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Given m > 0, show that there exists a 2$\times$2 matrix T that $T^{-1}$$\pmatrix{n&1\\0&n}$T = $\pmatrix{n&m\\0&n}$.

Not really sure how to work it out. Thanks!

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    $\begingroup$ 1. What are the eigenvalues of the matrix on the right? 2.How many eigenvectors does each one have? 3. What must its Jordan Normal Form be? 4. How are the JNF and the matrix related? Answer each of these (by clicking "edit") below your question, and you'll be on the way to an answer. $\endgroup$ Mar 4, 2018 at 16:59
  • $\begingroup$ See also en.wikipedia.org/wiki/Jordan_normal_form $\endgroup$
    – Widawensen
    Mar 4, 2018 at 17:59

3 Answers 3

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Taking T as $\begin{bmatrix}a&b\\c&d\end{bmatrix}$,you know $T^{-1}$ is: $\frac{1}{ad-bc}\begin{bmatrix}d&-b\\-c&a\end{bmatrix}$. Substituting into your equation you get a relation between a,b,c,d and m which you can solve.

Hint: you can take $c=0$.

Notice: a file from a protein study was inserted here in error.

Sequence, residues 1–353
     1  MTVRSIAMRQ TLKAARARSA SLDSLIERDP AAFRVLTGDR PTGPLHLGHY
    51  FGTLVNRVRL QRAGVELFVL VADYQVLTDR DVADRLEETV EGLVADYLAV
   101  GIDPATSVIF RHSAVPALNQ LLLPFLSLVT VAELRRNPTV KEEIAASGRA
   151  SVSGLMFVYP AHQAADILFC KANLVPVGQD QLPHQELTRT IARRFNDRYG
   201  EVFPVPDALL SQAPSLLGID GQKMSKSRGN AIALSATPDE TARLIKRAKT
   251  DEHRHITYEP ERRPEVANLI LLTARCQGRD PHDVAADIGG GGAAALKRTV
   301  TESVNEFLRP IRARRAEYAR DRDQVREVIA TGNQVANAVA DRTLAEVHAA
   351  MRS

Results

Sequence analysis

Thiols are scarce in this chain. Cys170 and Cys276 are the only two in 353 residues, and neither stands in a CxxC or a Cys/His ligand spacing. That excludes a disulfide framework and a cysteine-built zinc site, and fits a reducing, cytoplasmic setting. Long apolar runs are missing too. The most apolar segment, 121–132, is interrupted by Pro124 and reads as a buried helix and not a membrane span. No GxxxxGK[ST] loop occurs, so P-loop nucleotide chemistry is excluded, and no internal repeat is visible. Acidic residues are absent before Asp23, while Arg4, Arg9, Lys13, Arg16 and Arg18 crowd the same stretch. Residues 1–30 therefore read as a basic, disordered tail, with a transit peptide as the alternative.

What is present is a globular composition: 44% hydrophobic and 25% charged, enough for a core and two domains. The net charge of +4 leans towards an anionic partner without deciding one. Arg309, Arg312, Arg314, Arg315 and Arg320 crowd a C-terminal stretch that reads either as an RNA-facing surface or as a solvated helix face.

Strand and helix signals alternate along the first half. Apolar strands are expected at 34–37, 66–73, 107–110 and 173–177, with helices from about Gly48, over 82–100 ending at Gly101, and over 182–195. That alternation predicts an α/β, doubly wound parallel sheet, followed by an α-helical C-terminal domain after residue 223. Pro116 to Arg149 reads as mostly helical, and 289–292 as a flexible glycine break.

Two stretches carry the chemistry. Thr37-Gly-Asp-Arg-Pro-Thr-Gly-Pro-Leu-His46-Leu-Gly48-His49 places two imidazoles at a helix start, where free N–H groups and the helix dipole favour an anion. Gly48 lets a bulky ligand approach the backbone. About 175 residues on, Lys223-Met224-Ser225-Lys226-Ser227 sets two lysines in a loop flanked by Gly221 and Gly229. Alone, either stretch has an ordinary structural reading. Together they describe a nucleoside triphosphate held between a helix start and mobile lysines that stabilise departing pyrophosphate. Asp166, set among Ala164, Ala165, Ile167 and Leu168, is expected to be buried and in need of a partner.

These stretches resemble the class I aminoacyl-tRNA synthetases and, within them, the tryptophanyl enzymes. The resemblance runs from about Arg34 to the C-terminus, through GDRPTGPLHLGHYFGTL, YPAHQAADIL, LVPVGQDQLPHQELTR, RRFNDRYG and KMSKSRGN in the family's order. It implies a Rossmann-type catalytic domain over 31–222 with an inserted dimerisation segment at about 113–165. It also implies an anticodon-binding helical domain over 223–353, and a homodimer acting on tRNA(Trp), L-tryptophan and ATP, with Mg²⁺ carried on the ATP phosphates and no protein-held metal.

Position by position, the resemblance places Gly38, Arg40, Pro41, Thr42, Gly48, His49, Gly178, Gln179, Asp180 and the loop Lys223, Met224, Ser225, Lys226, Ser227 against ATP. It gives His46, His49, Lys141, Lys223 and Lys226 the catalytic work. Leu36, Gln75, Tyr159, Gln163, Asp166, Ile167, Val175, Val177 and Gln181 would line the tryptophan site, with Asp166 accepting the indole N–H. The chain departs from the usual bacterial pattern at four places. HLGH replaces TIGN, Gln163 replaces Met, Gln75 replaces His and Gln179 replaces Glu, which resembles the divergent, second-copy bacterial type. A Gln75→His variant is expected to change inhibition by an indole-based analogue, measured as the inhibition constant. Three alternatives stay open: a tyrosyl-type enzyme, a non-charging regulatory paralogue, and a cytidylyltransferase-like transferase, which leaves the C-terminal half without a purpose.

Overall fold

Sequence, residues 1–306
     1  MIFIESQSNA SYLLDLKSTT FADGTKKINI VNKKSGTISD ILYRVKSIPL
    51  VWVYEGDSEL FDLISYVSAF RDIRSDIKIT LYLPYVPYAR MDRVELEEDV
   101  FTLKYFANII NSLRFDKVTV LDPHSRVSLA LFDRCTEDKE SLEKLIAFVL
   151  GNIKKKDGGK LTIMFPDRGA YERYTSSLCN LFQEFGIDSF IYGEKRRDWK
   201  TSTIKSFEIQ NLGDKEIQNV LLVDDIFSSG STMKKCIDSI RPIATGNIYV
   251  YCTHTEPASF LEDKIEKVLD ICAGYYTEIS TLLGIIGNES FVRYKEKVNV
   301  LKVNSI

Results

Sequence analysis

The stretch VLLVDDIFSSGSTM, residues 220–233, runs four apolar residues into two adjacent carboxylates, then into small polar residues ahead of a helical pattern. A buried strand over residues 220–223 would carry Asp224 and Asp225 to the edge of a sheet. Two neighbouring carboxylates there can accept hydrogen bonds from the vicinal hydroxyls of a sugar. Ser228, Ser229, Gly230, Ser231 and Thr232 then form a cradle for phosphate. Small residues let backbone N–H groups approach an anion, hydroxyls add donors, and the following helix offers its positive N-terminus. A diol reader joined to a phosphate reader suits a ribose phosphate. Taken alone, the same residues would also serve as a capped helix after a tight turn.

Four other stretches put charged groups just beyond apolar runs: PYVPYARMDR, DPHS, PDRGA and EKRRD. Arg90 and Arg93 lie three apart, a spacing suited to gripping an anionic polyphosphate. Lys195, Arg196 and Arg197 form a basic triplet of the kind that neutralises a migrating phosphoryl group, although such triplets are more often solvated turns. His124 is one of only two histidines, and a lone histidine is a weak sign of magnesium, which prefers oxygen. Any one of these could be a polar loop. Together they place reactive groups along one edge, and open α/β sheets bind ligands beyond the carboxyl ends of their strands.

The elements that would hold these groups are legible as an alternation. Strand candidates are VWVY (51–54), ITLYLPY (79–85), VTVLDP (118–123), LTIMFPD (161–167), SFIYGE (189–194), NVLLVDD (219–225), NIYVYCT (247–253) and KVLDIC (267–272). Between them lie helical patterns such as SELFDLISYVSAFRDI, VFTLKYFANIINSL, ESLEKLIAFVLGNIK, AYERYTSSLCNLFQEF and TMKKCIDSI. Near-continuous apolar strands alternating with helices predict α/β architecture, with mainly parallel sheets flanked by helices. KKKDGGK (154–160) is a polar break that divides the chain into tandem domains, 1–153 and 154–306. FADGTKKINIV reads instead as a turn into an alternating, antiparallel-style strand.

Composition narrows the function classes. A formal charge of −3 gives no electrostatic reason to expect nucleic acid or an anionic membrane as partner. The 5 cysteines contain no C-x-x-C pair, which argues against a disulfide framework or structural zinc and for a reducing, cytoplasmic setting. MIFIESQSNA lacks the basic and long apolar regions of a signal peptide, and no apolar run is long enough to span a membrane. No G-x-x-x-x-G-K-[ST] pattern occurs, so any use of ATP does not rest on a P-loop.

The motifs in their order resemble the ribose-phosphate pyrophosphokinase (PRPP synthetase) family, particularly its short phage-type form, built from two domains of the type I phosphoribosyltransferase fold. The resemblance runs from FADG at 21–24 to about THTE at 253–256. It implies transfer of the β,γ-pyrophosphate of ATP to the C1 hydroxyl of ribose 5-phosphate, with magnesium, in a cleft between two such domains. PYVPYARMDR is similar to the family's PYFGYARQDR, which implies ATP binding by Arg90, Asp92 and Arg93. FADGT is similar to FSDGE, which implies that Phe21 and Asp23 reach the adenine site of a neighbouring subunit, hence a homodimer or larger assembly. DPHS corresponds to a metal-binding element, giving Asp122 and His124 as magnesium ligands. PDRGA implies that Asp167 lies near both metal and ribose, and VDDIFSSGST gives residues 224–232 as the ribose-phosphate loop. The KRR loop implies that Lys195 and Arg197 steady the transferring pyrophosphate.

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    $\begingroup$ He can also use directly $JT=TM$ $\endgroup$
    – Widawensen
    Mar 4, 2018 at 18:08
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Note that existence of matrix T depends on Jordan decomposition of $A=\pmatrix{n&m\\0&n}$, this matrix have a Jordan decomposition if its characteristic polynomial splits into linear factors over R (its field).

$$p_A(x)=x^2-2nx+n^2$$ $$p_A(x)=(x-n)^2$$ Then, exists T invertible such that $T^{-1}\pmatrix{n&1\\0&n}T=\pmatrix{n&m\\0&n}$

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$$ \pmatrix{n&1\\0&n} = nI + \pmatrix{0&1\\0&0} $$ so $$ T^{-1}\pmatrix{n&1\\0&n}T = nI+T^{-1}\pmatrix{0&1\\0&0}T $$ you require: $$ T^{-1}\pmatrix{0&1\\0&0}T =\pmatrix{0&m\\0&0} $$ or, equivalently: $$ \pmatrix{0&1\\0&0}T =T\pmatrix{0&m\\0&0} $$ if we set $$ T = \pmatrix{a&b\\c&d} $$ this gives: $c=0$ and $am=d$

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